When it comes to networking, there’s a lot to think about. It’s a game of taking risks, reaching out, asking questions, following up, and generally putting yourself out there, and it’s no wonder it’s a cause of stress for many jobseekers. But as Daily Muse writer and Create Content That Connects creator Amanda Berlin writes, it doesn’t have to be so daunting. The key is to remember three simple rules.
Berlin outlines them in a post titled “The Only 3 Networking Rules You Really Need to Know,” wherein she offers some excellent tips gleaned from fellow experts who know their stuff. First up, Berlin writes: “Network ‘clean.'” What does this mean? For many people, attending networking events can feel “dirty,” since you’re essentially making smalltalk with strangers in an effort to advance your career. Going “clean” means looking at new contacts as people — not simply means to an end.
“You want to look at everything from a ‘friendship-y’ point of view,” says networking mentor Marsha Shandur.
Second on Berlin’s list: “Own your value.” This basically means thinking about what makes you interesting and unique and going into conversations with your held high. Sure, you’re looking for career assistance, but you also bring things to the table, and as Masters of Networking author Cynthia Greenawalt writes, you don’t want to fall into a the “I hope you like me” mindset. As Berlin puts it, your mantra ought to be, “I am someone worth knowing.”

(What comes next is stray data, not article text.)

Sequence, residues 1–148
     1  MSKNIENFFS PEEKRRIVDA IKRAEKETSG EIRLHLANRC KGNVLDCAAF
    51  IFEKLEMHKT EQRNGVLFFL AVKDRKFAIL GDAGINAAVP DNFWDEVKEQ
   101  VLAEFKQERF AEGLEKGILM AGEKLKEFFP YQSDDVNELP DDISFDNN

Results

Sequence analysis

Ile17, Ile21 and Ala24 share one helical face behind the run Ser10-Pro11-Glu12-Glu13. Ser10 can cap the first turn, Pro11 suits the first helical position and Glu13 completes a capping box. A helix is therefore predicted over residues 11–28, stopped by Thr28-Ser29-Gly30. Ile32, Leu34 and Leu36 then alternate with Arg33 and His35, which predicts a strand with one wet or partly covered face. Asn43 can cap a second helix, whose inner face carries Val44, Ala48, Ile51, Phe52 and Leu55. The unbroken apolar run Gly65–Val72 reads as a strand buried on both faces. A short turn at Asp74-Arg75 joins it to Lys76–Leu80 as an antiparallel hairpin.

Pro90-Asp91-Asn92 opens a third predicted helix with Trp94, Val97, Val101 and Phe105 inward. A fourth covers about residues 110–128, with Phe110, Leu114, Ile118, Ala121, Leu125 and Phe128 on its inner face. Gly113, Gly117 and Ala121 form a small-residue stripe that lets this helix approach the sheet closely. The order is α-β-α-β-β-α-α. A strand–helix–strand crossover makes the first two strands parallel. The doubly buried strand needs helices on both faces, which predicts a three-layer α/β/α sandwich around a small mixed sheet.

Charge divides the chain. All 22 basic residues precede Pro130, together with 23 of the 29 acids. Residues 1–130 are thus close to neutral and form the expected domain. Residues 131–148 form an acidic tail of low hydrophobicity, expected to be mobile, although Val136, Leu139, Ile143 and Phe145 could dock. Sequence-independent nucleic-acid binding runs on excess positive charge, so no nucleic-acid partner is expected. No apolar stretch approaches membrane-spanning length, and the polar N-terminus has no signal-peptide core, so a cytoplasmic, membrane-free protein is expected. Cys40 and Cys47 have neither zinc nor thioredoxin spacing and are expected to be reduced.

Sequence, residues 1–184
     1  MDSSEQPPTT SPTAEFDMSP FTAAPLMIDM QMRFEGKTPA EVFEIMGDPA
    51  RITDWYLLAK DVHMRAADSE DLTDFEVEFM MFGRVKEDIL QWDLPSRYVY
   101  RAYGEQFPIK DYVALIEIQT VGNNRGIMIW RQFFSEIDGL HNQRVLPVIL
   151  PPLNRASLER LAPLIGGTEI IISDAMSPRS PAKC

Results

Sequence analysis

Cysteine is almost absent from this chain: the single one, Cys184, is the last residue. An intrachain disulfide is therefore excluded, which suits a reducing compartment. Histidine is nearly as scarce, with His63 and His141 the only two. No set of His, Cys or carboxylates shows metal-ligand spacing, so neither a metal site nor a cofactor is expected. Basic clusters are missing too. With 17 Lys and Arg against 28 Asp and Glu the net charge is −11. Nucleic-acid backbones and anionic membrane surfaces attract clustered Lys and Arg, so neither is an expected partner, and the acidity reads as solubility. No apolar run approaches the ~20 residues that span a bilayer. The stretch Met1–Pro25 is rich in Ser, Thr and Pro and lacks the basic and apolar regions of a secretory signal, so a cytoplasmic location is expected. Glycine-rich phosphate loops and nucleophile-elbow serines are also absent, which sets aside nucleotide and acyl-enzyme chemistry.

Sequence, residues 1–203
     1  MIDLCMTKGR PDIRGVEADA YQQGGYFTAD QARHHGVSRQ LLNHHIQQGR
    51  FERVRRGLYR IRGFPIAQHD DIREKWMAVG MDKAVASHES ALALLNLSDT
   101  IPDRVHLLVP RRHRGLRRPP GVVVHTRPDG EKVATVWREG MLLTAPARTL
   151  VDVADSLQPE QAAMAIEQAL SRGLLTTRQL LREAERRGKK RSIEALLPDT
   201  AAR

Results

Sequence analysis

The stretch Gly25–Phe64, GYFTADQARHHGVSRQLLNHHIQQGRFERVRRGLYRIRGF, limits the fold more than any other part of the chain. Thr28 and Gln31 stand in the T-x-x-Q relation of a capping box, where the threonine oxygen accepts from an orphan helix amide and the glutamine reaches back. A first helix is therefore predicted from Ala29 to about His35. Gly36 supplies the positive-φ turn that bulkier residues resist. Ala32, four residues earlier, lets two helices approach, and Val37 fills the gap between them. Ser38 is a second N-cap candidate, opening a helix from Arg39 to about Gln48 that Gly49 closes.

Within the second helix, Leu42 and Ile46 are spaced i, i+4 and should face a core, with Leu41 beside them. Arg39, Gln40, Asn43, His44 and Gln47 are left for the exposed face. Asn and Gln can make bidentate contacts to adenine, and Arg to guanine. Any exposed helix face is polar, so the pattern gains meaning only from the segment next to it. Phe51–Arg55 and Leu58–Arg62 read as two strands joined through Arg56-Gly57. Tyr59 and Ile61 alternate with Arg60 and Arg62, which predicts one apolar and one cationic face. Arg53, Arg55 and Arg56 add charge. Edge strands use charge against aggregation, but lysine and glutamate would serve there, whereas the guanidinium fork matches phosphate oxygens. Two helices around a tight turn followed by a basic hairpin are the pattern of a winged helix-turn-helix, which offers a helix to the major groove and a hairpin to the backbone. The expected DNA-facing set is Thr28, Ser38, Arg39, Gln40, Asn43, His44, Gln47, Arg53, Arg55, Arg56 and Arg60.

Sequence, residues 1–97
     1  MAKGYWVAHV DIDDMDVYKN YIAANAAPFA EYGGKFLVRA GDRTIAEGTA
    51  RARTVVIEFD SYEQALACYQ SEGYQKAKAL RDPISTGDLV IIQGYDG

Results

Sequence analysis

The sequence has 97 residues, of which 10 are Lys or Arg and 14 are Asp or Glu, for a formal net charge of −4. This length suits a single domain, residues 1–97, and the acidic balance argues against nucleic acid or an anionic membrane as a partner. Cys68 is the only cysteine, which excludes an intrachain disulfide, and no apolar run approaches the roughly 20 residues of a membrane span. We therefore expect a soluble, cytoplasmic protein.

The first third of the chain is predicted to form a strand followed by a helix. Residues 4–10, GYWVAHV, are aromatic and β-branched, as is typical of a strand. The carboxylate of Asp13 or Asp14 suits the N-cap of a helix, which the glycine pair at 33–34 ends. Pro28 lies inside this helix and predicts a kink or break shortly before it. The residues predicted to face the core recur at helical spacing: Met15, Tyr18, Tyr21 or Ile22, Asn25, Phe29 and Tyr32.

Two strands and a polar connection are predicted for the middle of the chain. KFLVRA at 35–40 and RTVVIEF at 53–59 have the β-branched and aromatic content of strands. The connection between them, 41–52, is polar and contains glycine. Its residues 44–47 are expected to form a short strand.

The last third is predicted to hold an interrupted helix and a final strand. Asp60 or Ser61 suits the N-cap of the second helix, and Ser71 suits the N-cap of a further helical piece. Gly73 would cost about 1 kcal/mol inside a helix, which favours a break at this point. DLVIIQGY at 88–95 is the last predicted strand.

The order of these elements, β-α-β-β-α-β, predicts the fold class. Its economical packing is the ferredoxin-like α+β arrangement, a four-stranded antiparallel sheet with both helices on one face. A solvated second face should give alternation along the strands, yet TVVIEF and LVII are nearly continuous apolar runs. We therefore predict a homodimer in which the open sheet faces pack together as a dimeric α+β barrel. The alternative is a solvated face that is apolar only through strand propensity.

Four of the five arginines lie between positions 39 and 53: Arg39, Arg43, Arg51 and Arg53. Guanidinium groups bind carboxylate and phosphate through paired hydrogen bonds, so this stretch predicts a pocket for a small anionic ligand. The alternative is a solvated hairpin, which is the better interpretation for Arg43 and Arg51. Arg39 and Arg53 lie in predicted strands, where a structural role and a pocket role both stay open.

Lastly, Berlin recommends that you “Farm strategically.” That means you don’t approach folks randomly at a networking event. Think about where you’re looking to end up and who can get you there. Part of this strategy may entail asking for introductions to major movers and shakers in your field, but Berlin says you shouldn’t prolong relationships with people purely because they’re powerful. Ask yourself, “Am I into this person?” Berlin recommends, and if you feel it’s just not working, sever ties for the good of everyone involved.
When it is working, Berlin writes,”channel your energy into continuing to nourish and build the relationship.”